As much as there was cultural shock, I realised that I had to adapt. I was able to learn quickly the things that I needed to learn – I did enjoy it.
What support did you get from the army that helped you with what to do next?
The army is a way of life. Any organisation has its flaws but the army showed me some crucial life traits like self-confidence – they can’t really take that away from you – and loyalty, self-discipline, adaptability. Most importantly, I think learning the technical skills learning was really great, because that’s what helped me most and allowed me to join TechVets. And financially, I received a pot of money that I can tap into – I’ve used some of that already to retrain.
And during lockdown, how was that for you?
I think I’m still trying to get over it. Lockdown was quite difficult for the entire family. With the kids, we had to learn to adapt to the whole situation of being at home and staying home – it was quite challenging. It was the first time that the family had stayed home for weeks continuously; we’re a family of five and such an environment can be very stressful!
There was some outside works and gardening, as well as plenty of television. We were able to get some iPads, which helped with the stress level at home.
What was your favourite boxset?
Mr Robot. He’s a hacker with psychological issues and I can relate – we have the same way of seeing things. In the end, all the stuff that was happening was in his head, and it was quite eye-opening in terms of some of the psychological things that people go through. I’ve had my own issues to overcome but in a way that’s over now.
How did you get involved with the AWS?
I first found the AWS programme in 2017, through the CTP (Career Transition Partnership) – the army support service for people wanting to find employment. When it was presented to me, I wasn’t able to pursue it at that particular time but my friend who was ex-army was also looking for a job, so I introduced him to this programme and he applied. He had a three-month internship, which was all through the army, and he’s now an AWS admin, managing peoples’ systems remotely. It’s been really great for him.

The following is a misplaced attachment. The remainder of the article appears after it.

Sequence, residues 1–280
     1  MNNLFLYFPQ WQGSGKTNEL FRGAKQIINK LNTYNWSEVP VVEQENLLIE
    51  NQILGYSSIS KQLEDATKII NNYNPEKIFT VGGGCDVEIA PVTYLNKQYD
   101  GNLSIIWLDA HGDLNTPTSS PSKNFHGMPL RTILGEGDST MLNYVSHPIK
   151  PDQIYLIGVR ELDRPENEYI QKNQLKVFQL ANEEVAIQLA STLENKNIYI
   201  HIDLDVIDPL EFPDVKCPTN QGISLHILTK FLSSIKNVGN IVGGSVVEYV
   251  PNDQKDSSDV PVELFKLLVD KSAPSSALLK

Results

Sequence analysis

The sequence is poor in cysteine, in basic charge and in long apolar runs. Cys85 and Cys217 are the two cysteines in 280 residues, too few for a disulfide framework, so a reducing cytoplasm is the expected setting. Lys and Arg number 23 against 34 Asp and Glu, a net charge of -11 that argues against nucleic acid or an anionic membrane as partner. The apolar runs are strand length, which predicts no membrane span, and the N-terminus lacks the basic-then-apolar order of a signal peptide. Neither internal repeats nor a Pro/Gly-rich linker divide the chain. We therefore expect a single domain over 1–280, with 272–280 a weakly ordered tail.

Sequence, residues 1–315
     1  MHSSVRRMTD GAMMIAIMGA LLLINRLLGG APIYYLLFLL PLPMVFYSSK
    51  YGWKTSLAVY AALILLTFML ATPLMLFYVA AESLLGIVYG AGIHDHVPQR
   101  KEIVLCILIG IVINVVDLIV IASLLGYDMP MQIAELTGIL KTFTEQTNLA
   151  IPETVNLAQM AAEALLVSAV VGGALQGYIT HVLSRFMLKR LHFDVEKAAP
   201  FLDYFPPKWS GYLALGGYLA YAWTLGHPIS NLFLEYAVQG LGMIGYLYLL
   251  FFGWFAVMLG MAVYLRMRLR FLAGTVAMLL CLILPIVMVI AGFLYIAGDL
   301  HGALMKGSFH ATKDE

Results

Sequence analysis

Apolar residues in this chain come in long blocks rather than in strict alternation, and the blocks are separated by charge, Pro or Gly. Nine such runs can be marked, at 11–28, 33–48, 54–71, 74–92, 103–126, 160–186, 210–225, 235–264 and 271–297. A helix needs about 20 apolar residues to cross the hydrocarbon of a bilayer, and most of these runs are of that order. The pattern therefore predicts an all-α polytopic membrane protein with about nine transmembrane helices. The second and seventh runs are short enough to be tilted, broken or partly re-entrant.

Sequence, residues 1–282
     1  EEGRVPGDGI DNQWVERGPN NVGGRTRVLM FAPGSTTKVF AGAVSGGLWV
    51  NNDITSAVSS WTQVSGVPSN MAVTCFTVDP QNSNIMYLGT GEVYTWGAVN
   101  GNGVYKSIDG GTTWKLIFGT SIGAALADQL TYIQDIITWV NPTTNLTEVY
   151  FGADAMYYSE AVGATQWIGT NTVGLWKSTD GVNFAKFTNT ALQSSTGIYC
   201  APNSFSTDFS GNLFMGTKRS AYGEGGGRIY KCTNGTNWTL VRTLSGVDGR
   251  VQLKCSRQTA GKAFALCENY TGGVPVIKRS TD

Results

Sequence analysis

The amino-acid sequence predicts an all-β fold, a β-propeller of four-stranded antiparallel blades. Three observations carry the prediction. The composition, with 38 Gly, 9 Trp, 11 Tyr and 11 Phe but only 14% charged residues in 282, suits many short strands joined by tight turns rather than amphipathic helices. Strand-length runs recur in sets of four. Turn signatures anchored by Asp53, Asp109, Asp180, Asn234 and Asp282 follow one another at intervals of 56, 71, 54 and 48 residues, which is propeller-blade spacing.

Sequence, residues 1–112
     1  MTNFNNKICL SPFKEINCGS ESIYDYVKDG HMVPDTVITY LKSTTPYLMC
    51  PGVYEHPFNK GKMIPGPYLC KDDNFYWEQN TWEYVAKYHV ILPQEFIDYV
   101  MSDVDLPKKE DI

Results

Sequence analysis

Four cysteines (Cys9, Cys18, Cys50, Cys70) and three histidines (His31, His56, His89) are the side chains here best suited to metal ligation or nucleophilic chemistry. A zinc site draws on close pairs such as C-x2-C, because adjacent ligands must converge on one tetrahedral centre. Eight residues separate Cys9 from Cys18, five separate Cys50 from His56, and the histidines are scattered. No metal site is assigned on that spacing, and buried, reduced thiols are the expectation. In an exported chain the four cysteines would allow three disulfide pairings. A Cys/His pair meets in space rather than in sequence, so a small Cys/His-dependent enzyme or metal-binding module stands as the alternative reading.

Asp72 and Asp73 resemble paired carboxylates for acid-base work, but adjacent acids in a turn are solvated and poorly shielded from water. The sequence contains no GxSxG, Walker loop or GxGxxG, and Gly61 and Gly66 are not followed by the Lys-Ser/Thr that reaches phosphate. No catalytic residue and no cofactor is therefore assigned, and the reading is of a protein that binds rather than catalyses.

What did you learn from doing the course?
I learned a lot! I got a foundation of AWS cloud computing and the benefits it gives an organisation, as well as how to migrate an organisation from on premise servers to AWS cloud platforms. It was a great opportunity and really interesting. I learnt a lot from the network and infrastructure bits – I loved those aspects of it – and I learned Python. Because the course was delivered through remote working, I could see cloud computing was working in action. I enjoyed it – I didn’t want it to end!
We’re collaborating the AWS re/Start to place graduates in roles, as well as helping them with writing CVs and preparing for job interviews. Many of them have inspiring stories like Kofi, who has been throwing himself into interview processes with the support of Robert Half. If you’d like to hear more about the programme, please get in touch with [email protected]